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15 October 2009 / personal-injury-news
Appeal judges have ordered that compensation awards made to two members of the armed forces are to be reassessed, opening the possibility for the amounts to be reduced. The ruling was in response to a legal challenge by the Ministry of Defence on compensation awarded to the injured soldiers following a ruling by the Pensions Appeal Tribunal.
The tribunal had awarded increased compensation to the two injured servicemen, Light Dragoon Anthony Duncan and Royal Marine Matthew McWilliams. Cpl Duncan spent two years in rehabilitation after being shot in Iraq in 2005 and was shipped this April, along with his Light Dragoons colleagues, to fight in Afghanistan for six months.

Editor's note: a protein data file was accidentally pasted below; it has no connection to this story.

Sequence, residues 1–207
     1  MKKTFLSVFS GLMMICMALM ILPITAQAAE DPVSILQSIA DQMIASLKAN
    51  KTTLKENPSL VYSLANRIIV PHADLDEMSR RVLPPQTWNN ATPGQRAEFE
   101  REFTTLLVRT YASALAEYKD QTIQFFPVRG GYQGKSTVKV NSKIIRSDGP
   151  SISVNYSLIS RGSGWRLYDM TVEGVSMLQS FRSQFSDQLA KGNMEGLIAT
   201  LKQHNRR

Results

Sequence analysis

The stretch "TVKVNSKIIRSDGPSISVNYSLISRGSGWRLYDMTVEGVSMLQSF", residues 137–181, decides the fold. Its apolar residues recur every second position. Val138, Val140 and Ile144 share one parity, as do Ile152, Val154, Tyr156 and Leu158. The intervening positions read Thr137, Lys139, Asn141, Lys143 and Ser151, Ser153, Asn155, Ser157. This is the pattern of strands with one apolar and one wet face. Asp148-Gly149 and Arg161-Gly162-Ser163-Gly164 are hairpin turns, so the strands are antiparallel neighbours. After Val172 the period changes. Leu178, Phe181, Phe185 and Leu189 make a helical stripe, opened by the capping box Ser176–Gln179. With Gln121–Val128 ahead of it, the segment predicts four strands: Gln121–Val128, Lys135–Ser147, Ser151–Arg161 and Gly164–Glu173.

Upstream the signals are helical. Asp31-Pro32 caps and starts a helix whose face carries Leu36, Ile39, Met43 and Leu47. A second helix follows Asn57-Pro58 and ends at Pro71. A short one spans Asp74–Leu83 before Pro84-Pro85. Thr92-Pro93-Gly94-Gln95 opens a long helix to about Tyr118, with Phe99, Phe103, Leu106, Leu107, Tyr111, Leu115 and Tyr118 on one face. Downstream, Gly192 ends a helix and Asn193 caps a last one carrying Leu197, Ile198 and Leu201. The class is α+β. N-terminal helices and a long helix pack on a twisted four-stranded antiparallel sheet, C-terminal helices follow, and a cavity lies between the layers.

The 27-year-old had his initial compensation award of £9,250 increased to £46,000 by the tribunal. Marine McWilliams, meanwhile, who fractured a thigh during training, had his £8,250 award increased to £28,750. Lord Justice Carnworth said the tribunal had wrongly applied two elements of the formula which calculated the awards.
Ministers initiated the challenge due to concerns that the increased payouts may set a precedent for further military injury cases, potentially costing taxpayers millions in increased compensation payouts.
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